Morning Rounds Shraddha Chakradhar

Judge places hold on N.Y. county's controversial emergency measles order

A New York state judge issued a preliminary injunction late last week on a controversial order in Rockland County that banned unvaccinated children from enclosed public places. Judge Rolf Thorsen ruled in favor of several dozen parents in the county who brought a lawsuit last week challenging the ban, which was intended to curb the spread of measles. The ban went into effect nearly two weeks ago as part of a 30-day state of emergency declaration, but the judge said such emergency orders cannot exceed five days. He also said that the 167 measles cases among the county’s 330,000 people since October doesn’t constitute an "epidemic" that warrants such a declaration, and that unvaccinated children could return to schools and other public spaces. 

CDC investigating E. coli outbreak in five states 

The CDC is investigating an E. coli outbreak that has sickened 72 people in five states. The majority of the cases have been reported in Kentucky, in addition to Tennessee, Georgia, Ohio, and Virginia. Eight people have also been hospitalized in connection to the outbreak, which has been traced to a strain of E. coli that produces Shiga toxin. Symptoms usually include severe stomach cramps, diarrhea, and vomiting. The CDC hasn’t yet identified a specific food item, grocery store, or restaurant chain as the source of the bacteria and is not yet recommending that people avoid any particular food or food source. 

Here are this year’s STAT Madness winners

Susan Shore (right) of the University of Michigan with a postdoctoral fellow in her lab. (BRYAN MCCULLOUGH/MICHIGAN MEDICINE/UNIVERSITY OF MICHIGAN)

The winners of the third annual STAT Madness — our tournament-style search for the most innovative research in science and medicine — were announced this morning. Here’s a look at the two winners:

  • People’s choice: With 65% of the final round’s votes, Susan Shore and others from the University of Michigan led this year’s winning research: a potential treatment for the phantom noises that plague people with tinnitus. More here.  

  • Editors’ pick: Our choice this year was research from Shawn Liu, Rudolf Jaenisch, and others at the Whitehead Institute in Cambridge, Mass., that used CRISPR-Cas9 to edit the gene silencers — and not the genome itself — in fragile X syndrome. Read more about their work here.

Inside STAT: Five pharmacy ‘middlemen’ head to Capitol Hill’s hot seat — some have an easier defense than others

They’ve been called “middlemen” who indulge in “dishonest double dealing.” They also have been decried for working under “a veil of secrecy.” They are pharmacy benefit managers, who aim to help insurance companies negotiate lower drug prices, and this week, five of the industry's top executives will head to Capitol Hill for a pair of back-to-back hearings Tuesday and Wednesday. The executives will hail from CVS Health, Cigna, UnitedHealthcare subsidiary OptumRx, Prime Therapeutics, and Humana, but whether their appearances will manage to assuage some of the criticisms they have faced — or whether they succumb to tough questions — remains to be seen. STAT’s Nicholas Florko has more on what you can expect here

Lab Chat: How thirst activates widespread neurons in the brain

Basic biological drives, such as thirst and hunger, motivate a lot of our behavior, but scientists are still trying to understand how these instincts manifest in the brain. In a new study published in Science, researchers looked at roughly 24,000 neurons across 34 brain regions in mice, and found that contrary to previous expectations, there weren’t specific thirst-sensing neurons limited to specific regions of the brain. Here’s what study author Dr. Karl Deisseroth of Stanford University told me about the work:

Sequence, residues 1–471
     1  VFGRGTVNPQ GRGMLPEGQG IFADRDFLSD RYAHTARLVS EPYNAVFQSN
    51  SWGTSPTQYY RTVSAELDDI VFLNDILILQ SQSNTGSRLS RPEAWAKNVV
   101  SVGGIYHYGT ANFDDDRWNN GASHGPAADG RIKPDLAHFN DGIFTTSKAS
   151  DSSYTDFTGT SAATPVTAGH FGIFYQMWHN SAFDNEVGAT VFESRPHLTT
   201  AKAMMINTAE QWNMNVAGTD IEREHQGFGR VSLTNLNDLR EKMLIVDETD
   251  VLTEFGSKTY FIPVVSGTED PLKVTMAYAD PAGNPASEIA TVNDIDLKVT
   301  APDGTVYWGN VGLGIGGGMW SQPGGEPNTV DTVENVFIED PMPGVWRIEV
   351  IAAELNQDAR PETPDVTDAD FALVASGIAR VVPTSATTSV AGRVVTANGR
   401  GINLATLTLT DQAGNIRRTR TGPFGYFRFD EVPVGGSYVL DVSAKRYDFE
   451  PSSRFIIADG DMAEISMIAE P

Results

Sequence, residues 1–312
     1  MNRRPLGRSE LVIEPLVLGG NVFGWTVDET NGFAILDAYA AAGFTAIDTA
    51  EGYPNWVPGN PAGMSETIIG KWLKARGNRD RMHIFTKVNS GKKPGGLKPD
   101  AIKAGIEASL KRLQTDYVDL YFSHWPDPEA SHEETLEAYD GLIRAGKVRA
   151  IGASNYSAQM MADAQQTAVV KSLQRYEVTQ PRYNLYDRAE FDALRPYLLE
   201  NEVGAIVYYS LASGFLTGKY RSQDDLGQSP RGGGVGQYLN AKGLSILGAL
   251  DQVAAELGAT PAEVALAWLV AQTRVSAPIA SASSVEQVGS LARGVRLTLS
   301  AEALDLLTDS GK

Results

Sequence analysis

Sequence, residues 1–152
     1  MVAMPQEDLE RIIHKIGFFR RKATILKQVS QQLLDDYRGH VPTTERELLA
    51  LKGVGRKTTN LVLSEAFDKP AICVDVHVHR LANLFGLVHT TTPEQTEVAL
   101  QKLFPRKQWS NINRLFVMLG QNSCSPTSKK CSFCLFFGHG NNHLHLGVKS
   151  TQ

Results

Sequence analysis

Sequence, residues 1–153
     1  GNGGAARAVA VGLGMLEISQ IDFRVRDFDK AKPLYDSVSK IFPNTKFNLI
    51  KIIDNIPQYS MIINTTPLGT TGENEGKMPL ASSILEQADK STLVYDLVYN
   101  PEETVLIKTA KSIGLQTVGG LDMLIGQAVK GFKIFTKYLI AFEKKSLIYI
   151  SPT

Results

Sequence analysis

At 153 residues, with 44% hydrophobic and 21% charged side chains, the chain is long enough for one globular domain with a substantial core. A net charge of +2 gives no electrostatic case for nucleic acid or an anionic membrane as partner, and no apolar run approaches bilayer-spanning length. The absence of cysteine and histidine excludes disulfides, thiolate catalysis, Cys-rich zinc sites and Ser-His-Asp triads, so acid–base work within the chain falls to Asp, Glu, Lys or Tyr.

What did you find — and what was surprising? 

Even for simple motivational drives states, most of the brain, and most of the corresponding neurons, become involved. This appears to be important, for example, in determining what the brain does with new sensory input.  

What are the next steps? 

We’d like to understand how this brain-wide state is created from actions of just a few cells, why the state needs to be so widespread, and which state features are essential to which behavioral contingencies — perhaps adjudicating conflicts among competing drives.

More antibiotics prescribed through telemedicine than in-person doctor visits

Children who have telemedicine visits with their physicians are more likely to be prescribed antibiotics than children who see doctors in person, according to a new study. Looking at more than half a million telemedicine, urgent care, and primary care physician visits using insurance claims data between 2015-2016, researchers found that 52% of children who had telemedicine visits for a nonchronic respiratory illness were likely to be prescribed antibiotics, compared to 42% of those who visited with urgent care physicians and 31% who visited their PCPs. Those who met with physicians virtually were also less likely to be prescribed antibiotics based on clinical guidelines than in-person visitors.

What to read around the web today

  • Opinion: Taking care of Charlie helped one California town nearly halve hospital use. STAT
  • In a poor Kenyan community, cheap antibiotics fuel deadly drug-resistant infections. The New York Times
  • NHS patients have cancer scans cancelled after supplier problems. The Guardian
  • What cancer takes away. The New Yorker
  • Our organ donation system is unfair. The solution might be too. FiveThirtyEight

Thanks for reading! More tomorrow,


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Monday, April 8, 2019


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